Adding to Allowed Tags in Sanitize-Html

Because I include full body text in my RSS feed, I use an html sanitizer called sanitize-html to sanitize, escape, and encode everything in the item body. One thing I didn’t realize until today is that by default, it strips out img tags. I knew that images were missing from my posts when viewed in RSS readers, but I thought this was due to me using relative URLs for them and not including the full URL including domain name. This may actually still matter, but it turns out my images never got that far, because sanitize-html was removing them whenever my RSS feed was rebuilt.

The good news is, there’s an easy way around this because sanitize-html provides an easy way to add tags to those allowed, and their documentation even includes the img tag example:

const clean = sanitizeHtml(dirty, {
allowedTags: sanitizeHtml.defaults.allowedTags.concat(["img"]),

Here’s the entirety of my original Astro RSS template before I realized this:

import rss from "@astrojs/rss";
import { getCollection } from "astro:content";
import sanitizeHtml from "sanitize-html";
import MarkdownIt from "markdown-it";
import config from "config";
import { rfc2822, year } from "../components/utilities/DateFormat";
import { globalImageUrls } from "../components/utilities/StringFormat";
const parser = new MarkdownIt();
export async function get(context) {
let posts = await getCollection("posts");
posts = posts.sort(
(a, b) => new Date( - new Date(
return rss({
title: config.get("title"),
description: config.get("description"),
xmlns: {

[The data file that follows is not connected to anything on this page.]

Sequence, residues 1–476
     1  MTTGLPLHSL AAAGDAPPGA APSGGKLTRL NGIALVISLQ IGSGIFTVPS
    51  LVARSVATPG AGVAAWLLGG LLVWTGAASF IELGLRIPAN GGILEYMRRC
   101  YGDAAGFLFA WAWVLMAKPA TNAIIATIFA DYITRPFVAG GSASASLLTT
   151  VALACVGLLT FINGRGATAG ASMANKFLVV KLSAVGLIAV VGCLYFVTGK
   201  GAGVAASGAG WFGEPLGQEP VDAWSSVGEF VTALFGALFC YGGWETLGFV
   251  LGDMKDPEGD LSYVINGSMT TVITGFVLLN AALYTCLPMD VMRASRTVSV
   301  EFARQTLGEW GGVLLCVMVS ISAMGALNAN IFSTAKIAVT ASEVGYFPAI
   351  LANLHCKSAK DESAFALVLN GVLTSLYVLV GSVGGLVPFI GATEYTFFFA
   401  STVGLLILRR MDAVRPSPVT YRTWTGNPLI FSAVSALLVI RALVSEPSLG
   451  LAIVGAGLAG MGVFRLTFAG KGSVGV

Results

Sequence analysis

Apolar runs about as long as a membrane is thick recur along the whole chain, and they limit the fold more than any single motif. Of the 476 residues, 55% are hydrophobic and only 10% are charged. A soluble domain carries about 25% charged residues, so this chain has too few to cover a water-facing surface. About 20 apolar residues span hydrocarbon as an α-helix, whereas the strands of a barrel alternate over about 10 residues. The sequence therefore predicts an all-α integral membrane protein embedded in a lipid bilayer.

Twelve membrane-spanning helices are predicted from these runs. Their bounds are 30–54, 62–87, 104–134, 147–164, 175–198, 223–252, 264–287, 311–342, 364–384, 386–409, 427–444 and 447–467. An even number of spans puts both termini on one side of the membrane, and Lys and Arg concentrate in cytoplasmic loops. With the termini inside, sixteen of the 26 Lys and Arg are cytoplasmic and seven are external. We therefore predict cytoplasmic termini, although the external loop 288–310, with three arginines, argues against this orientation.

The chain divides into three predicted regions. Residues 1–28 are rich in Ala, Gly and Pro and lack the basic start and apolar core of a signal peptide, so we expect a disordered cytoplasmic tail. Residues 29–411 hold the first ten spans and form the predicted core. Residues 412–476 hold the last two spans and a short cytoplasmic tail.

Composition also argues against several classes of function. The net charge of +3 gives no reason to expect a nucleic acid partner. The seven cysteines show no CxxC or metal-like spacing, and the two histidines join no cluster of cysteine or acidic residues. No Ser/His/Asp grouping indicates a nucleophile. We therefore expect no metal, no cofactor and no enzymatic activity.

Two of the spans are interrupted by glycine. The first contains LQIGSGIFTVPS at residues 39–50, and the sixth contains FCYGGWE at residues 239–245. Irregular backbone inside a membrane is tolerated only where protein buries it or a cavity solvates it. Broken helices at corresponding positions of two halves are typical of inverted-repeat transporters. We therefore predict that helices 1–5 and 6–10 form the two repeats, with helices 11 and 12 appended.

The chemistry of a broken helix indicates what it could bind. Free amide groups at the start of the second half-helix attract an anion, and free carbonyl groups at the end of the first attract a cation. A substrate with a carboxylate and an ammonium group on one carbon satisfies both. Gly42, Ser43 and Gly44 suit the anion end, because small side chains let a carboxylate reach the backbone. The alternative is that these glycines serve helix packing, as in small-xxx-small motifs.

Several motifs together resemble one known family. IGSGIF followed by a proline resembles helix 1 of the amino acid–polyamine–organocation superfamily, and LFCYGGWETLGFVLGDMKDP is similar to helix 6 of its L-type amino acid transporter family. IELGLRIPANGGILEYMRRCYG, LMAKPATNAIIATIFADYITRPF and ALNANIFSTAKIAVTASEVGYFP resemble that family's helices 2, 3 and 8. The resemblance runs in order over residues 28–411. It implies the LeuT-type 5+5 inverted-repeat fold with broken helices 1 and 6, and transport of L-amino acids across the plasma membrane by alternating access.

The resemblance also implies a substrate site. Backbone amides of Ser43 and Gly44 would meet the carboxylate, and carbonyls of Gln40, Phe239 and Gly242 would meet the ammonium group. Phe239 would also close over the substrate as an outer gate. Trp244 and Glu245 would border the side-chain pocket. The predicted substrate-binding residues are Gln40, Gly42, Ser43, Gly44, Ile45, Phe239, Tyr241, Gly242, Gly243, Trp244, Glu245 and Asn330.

atom: "",
dc: "",
content: "",
items: => ({
link: `${config.get("url")}${post.slug}`,
pubDate: rfc2822(,
content: sanitizeHtml(parser.render(post.body)),

Fixing it is as easy as modifying the content section like this:

content: sanitizeHtml(parser.render(post.body), {
allowedTags: sanitizeHtml.defaults.allowedTags.concat(["img"]),

In my case I run all this through yet another custom function called globalImageUrls, which just takes relative URLs from the post body and converts them to absolute urls including the domain:

content: globalImageUrls(
sanitizeHtml(parser.render(post.body), {
allowedTags: sanitizeHtml.defaults.allowedTags.concat(["img"]),

That function is in a utility file called StringFormat.js and looks look this:

export function globalImageUrls(str) {
let baseUrl = config.get("url");
let regex =
/<img src="\/images\/([^"]+)\/([^"]+\.(?:jpg|jpeg|gif|png))"(?: alt="([^"]*)")?\s?\/?>/g;
return str
.replaceAll(regex, '<img src="' + baseUrl + '/images/$1/$2" alt="$3" />')
.replaceAll("//images", "/images");

Anyway, if you use sanitize-html be aware that this is its list of allowed tags by default:

allowedTags: [
"address", "article", "aside", "footer", "header", "h1", "h2", "h3", "h4",
"h5", "h6", "hgroup", "main", "nav", "section", "blockquote", "dd", "div",
"dl", "dt", "figcaption", "figure", "hr", "li", "main", "ol", "p", "pre",
"ul", "a", "abbr", "b", "bdi", "bdo", "br", "cite", "code", "data", "dfn",
"em", "I", "kbd", "mark", "q", "rb", "rp", "rt", "rtc", "ruby", "s", "samp",
"small", "span", "strong", "sub", "sup", "time", "u", "var", "wbr", "caption",
"col", "colgroup", "table", "tbody", "td", "tfoot", "th", "thead", "tr"